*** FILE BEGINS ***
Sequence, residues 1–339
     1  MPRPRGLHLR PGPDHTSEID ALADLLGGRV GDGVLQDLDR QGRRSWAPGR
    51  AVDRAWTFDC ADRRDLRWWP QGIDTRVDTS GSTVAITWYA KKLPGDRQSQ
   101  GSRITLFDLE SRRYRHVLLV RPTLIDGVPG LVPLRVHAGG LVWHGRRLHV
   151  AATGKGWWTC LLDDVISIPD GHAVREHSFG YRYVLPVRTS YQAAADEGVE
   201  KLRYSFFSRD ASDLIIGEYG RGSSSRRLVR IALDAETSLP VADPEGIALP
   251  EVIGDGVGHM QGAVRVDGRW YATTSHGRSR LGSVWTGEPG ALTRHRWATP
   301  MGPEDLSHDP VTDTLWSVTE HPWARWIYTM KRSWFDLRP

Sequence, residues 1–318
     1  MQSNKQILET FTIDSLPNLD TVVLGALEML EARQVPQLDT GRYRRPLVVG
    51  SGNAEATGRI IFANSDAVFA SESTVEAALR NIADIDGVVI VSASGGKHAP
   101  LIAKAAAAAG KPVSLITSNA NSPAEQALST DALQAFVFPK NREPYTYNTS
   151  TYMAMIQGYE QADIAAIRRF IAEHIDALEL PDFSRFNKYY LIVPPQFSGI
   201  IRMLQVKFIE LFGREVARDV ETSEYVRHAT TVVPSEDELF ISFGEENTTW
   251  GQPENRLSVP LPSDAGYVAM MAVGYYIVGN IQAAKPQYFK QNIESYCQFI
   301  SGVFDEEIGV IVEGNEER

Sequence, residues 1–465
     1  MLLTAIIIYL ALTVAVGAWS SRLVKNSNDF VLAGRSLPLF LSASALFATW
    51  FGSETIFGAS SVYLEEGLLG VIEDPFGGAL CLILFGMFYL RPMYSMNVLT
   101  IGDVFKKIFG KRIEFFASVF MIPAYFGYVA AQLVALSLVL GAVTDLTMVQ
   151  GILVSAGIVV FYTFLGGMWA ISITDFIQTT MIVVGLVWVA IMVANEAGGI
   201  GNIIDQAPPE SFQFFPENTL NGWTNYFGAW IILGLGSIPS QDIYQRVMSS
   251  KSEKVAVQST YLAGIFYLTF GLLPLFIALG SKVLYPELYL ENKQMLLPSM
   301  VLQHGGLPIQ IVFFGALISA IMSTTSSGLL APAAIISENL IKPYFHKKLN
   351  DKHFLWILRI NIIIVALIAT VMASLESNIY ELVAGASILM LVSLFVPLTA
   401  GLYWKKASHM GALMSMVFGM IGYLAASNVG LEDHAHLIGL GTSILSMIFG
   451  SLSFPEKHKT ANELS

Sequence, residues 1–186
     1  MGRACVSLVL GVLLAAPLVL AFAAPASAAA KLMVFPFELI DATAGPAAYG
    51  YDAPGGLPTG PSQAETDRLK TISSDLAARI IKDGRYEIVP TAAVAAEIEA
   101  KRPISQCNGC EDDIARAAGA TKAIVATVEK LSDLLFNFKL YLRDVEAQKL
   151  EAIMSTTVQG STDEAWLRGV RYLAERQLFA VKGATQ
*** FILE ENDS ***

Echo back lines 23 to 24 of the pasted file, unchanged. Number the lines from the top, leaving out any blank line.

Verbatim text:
   251  KSEKVAVQST YLAGIFYLTF GLLPLFIALG SKVLYPELYL ENKQMLLPSM
   301  VLQHGGLPIQ IVFFGALISA IMSTTSSGLL APAAIISENL IKPYFHKKLN